Reading on the Farm: Victorian Fiction and the Colonial World
When I was first introduced to the Brancepeth library, as a collection of dirty books with faded covers in beautiful glass cases on the ground floor of the university library, I thought it would become the subject of an elegant essay about past reading habits, a little excursion into the back waters of a Victorian library. Then I opened the books, and immediately and vividly became aware that I was looking at their readers …
In Reading on the Farm, Lydia Wevers uses the library on Brancepeth Station in the Wairarapa, its staff and users as the ground for an extended reflection on the meaning of books, reading and intellectual life in colonial New Zealand. Drawing on station records, the archive produced by the library, and the books themselves, she offers a compelling interpretation of the social world of books and the cultural significance of reading. The books themselves come to life, in close examination of their borrowing histories, physical condition and marginalia. Human characters include the Beetham family who own Brancepeth, farm workers, Wairarapa Māori, swaggers who seek shelter during the long depression, and most vivid of all the clerk and librarian John Vaughan Miller. This learned and petulant man, with his letters to the newspapers and indiscreet private correspondence, epitomises the class cleavages, social anxieties and uncertainties that were at the heart of both Brancepeth and popular Victorian fiction.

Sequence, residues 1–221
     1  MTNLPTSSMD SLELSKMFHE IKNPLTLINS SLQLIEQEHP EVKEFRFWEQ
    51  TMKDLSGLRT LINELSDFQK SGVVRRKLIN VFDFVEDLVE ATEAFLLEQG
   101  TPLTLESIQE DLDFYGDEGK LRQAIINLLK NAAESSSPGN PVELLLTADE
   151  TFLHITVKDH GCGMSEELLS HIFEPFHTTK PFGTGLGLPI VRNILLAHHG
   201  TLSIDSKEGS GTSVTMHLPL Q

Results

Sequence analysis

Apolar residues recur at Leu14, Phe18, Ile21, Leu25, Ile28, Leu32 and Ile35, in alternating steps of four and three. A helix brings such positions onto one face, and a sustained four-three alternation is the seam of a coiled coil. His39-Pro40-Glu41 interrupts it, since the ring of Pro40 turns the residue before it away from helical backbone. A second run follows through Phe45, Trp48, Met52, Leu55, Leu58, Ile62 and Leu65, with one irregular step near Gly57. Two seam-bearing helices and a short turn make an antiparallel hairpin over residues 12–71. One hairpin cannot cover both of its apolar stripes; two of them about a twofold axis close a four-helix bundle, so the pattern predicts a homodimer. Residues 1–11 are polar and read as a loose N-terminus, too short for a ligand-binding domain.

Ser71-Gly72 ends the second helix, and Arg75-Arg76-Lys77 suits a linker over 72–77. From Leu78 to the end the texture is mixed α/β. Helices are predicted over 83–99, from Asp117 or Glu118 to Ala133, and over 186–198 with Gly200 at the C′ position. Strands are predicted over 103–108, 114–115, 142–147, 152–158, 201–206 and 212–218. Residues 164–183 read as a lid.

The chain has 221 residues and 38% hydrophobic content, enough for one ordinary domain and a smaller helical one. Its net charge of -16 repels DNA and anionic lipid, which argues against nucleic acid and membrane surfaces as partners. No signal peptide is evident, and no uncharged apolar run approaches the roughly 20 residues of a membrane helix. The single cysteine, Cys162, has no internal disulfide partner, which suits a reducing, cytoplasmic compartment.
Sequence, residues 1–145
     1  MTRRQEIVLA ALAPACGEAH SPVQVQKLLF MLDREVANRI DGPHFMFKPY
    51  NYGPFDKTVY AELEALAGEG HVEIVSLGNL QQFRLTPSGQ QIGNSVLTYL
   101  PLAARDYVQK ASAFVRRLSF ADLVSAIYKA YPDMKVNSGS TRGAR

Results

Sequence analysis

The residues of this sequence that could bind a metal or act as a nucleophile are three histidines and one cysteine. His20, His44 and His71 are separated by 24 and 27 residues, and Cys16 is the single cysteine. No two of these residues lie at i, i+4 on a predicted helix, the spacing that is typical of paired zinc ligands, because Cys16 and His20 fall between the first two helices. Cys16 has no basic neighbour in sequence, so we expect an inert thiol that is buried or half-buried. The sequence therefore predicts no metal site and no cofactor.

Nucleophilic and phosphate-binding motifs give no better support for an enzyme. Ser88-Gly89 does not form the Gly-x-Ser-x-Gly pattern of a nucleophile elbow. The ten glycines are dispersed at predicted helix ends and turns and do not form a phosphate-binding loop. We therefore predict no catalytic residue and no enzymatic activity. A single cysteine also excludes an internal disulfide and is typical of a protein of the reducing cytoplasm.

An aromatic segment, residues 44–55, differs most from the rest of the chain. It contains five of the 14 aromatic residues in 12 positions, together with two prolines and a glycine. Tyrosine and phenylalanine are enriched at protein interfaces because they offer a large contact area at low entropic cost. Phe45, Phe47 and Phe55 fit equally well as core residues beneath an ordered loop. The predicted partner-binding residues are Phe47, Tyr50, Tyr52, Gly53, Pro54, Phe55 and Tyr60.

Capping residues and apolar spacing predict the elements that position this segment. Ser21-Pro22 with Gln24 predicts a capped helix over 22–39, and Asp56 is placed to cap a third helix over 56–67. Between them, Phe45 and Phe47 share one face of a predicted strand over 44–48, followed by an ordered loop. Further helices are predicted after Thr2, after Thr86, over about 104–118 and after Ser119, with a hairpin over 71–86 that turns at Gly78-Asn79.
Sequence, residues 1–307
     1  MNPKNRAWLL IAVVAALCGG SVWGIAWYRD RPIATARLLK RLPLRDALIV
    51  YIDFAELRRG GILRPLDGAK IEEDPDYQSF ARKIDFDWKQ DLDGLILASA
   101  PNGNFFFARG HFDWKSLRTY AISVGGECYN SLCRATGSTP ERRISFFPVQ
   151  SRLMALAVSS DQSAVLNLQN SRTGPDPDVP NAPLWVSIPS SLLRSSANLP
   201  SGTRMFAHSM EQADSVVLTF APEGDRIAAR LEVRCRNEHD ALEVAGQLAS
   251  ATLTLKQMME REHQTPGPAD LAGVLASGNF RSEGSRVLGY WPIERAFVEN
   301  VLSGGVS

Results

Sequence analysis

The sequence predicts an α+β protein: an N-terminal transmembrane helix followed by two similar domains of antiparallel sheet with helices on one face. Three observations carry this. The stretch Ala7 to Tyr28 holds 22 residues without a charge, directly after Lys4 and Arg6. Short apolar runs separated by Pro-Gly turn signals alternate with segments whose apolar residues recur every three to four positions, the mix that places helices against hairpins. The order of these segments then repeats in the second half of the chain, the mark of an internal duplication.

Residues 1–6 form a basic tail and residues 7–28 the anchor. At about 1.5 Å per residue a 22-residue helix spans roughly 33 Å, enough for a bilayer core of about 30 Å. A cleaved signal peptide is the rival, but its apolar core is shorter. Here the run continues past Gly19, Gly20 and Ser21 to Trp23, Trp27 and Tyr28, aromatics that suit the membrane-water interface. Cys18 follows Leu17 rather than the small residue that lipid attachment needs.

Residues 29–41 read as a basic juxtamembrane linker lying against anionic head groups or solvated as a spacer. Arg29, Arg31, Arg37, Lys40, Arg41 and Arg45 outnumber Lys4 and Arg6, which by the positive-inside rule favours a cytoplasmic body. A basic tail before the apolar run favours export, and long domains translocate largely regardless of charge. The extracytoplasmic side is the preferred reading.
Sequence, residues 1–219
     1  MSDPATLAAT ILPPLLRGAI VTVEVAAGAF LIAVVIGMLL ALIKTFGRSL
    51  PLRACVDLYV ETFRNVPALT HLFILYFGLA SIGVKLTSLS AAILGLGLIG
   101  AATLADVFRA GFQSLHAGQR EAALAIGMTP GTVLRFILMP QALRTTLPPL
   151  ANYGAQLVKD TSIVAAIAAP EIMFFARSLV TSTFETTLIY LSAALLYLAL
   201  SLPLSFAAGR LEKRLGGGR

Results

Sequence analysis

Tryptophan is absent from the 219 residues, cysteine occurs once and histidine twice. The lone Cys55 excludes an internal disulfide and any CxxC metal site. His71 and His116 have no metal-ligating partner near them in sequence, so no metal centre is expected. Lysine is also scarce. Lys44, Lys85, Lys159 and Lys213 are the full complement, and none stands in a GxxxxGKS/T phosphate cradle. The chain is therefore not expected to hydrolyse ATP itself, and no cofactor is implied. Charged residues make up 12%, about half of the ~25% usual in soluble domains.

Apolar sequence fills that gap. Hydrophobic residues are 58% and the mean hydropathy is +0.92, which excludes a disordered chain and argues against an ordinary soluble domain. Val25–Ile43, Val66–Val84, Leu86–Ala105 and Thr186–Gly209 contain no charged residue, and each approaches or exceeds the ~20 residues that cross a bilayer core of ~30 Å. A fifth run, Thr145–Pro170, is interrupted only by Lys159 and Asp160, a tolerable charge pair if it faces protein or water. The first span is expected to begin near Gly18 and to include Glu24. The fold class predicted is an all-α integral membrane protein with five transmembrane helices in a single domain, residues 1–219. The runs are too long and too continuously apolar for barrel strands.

‘Reading on the Farm addresses issues that should engage scholars of literature, print culture and the history of the book, historians interested in material culture, status and class, as well as cultural historians more generally. It is a compelling piece of scholarship that deserves to reach a very wide audience.’
—Tony Ballantyne, Otago University
Lydia Wevers was born in the Netherlands and came to New Zealand at the age of three. A leading literary historian and critic, her books include Country of Writing: Travel Writing About New Zealand 1809–1900 (2002), and On Reading (2004). She was Fulbright Visiting Scholar at Georgetown University, Washington DC, in 2010, and the Director of the Stout Research Centre at Victoria University of Wellington from 2001 until 2017.